| By Eric Wolfe


Does drinking alcohol limit muscle growth potential?   

The question is, how much are you consuming?!  Some rumors have been created justifying alcohol consumption post workout due to the carb content, as a method of carb reloading.  ie. Carbs are beneficial post workout (this is true)

So we ask, does alcohol interfere with protein synthesis, a key factor in muscle growth.  From the research we've found, it's been conflicting...

For example, one major study took rats and injected them with ethanol (alcohol). After waiting 2.5 hours, the researchers measured protein synthesis from two different muscle regions. The end result was a reduction in protein synthesis by 25% under normal conditions.

Vitro studies are similar as well. They can help determine if something is worth examining further following a study, but just like with rat studies, they are not always 100% reliable. In vitro means they took the cells away from the body.

One in vitro study shows that a cell being given 80mM of ethanol will reduce protein synthesis by 15-20% after 24 hours of the cell being introduced to the alcohol.

However, another study by TNO Nutrition and Food Research Institute shows that drinking 30-40 grams of alcohol (2-3 beers) per day did not affect protein synthesis levels significantly.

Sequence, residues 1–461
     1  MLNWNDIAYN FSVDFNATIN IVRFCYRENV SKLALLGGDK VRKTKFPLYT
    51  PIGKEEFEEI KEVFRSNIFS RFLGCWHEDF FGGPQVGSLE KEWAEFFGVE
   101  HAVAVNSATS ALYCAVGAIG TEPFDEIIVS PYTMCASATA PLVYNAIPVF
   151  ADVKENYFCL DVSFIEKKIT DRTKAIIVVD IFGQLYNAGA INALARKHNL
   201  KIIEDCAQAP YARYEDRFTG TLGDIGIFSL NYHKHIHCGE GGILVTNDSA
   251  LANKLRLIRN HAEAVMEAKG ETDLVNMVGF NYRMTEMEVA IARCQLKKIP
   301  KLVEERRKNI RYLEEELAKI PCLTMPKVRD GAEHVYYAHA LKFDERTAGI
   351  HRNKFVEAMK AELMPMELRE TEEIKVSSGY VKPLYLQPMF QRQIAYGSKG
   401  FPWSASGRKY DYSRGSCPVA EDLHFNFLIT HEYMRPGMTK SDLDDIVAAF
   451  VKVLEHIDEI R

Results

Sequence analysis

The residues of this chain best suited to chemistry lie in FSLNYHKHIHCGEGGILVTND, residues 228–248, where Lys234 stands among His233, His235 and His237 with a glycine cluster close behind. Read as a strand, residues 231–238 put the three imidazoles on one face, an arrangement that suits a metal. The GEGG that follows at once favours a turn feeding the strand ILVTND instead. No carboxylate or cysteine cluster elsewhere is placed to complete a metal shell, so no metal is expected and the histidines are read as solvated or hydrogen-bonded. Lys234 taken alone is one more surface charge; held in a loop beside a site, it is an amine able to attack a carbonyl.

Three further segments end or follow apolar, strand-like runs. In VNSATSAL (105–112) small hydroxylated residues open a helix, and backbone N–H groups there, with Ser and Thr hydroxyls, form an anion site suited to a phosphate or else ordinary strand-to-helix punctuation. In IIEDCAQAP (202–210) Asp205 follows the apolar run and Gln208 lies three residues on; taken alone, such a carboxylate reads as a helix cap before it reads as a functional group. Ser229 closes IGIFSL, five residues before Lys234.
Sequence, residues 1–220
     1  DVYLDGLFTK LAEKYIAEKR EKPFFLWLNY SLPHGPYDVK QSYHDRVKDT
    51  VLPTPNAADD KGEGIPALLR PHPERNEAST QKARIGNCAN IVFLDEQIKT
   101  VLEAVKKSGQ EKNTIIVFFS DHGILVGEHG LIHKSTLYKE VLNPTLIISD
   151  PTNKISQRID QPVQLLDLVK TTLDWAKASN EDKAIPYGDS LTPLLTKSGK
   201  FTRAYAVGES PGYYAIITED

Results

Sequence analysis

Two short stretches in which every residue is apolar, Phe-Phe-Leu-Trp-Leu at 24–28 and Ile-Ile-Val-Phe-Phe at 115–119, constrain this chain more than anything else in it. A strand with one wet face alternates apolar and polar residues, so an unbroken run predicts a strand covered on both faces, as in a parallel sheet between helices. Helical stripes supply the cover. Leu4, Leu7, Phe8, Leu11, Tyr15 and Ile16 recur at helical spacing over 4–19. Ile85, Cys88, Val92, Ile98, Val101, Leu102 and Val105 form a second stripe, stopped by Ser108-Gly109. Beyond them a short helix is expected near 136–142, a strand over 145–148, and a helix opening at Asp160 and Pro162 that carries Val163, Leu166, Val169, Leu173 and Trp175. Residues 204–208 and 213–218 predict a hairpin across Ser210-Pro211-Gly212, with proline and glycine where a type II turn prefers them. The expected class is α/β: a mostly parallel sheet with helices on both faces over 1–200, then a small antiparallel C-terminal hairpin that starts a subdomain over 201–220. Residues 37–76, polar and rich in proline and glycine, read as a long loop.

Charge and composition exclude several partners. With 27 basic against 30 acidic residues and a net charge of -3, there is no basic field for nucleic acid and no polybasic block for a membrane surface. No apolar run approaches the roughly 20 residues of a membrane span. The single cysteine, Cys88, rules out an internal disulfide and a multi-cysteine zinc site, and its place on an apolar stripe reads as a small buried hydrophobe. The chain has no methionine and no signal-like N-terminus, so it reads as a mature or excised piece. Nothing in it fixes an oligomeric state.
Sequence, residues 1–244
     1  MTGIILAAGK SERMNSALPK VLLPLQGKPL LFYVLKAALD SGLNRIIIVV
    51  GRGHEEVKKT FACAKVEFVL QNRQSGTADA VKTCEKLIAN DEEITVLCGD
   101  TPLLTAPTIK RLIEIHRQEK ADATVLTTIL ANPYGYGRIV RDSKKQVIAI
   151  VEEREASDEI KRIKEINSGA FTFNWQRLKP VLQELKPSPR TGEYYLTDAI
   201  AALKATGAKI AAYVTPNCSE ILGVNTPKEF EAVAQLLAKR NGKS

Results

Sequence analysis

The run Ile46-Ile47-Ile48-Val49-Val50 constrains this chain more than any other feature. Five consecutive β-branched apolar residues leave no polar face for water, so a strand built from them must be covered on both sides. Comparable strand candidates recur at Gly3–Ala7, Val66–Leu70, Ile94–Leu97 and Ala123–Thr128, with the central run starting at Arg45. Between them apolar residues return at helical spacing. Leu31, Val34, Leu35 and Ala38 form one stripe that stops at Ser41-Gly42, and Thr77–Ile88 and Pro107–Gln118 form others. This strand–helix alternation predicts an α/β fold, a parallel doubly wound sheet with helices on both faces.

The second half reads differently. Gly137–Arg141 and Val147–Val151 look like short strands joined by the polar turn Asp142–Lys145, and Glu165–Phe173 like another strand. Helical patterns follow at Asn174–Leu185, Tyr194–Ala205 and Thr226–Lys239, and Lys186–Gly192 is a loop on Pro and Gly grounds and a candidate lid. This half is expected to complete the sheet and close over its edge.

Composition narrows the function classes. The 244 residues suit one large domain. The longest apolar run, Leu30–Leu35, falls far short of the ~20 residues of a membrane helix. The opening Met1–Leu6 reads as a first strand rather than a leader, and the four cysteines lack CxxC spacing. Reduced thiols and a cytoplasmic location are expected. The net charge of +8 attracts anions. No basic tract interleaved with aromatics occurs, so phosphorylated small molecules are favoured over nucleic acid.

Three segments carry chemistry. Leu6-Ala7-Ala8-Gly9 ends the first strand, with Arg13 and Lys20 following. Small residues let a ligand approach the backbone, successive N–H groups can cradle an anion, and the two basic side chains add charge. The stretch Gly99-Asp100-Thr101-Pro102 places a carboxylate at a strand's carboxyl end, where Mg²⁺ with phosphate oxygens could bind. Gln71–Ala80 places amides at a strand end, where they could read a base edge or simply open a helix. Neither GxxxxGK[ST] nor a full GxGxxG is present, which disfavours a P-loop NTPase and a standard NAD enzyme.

This shows that the rat and vitro studies may not really help much with comparison to the human anatomy. If we want to know more about how protein synthesis is affected by the alcohol we consume, then human subjects are needed to get a more definite idea.

Based on research we can conclude that alcohol consumption in MODERATE amounts can still lead to muscle growth! However, some decrease to Protein Synthesis may occur.

Note: Exercise increases muscle protein breakdown; alcohol decreases muscle protein synthesis.

Other Factors to Consider:

High levels of alcohol consumption can lower testosterone levels.  When testosterone levels dropped, researchers started to notice the benefits were no longer present for muscle growth. Instead, low test levels now showed that lean muscle growth had significantly decreased.

So knowing that testosterone is important for muscle growth, we can now assume that muscle hypertrophy is not very heightened when our testosterone levels begin to drop by significant amounts.

With low to moderate alcohol consumption it appears testosterone levels are not affected to a significant degree.

So, in conclusion...Your best choices at the bar? Liquid with soda water or diet soda (always avoid the sugary mixers).  White or Red Wine.  Light Beer.

A better choice... ENDURE BCAA tasts amazing, and enhances recovery!

Eric Wolfe
B.S. CPT. AFAA. AFAA Advanced.
Founder of eFlow Nutrition
IG @ewolfe08

Team eFlow Athlete Profile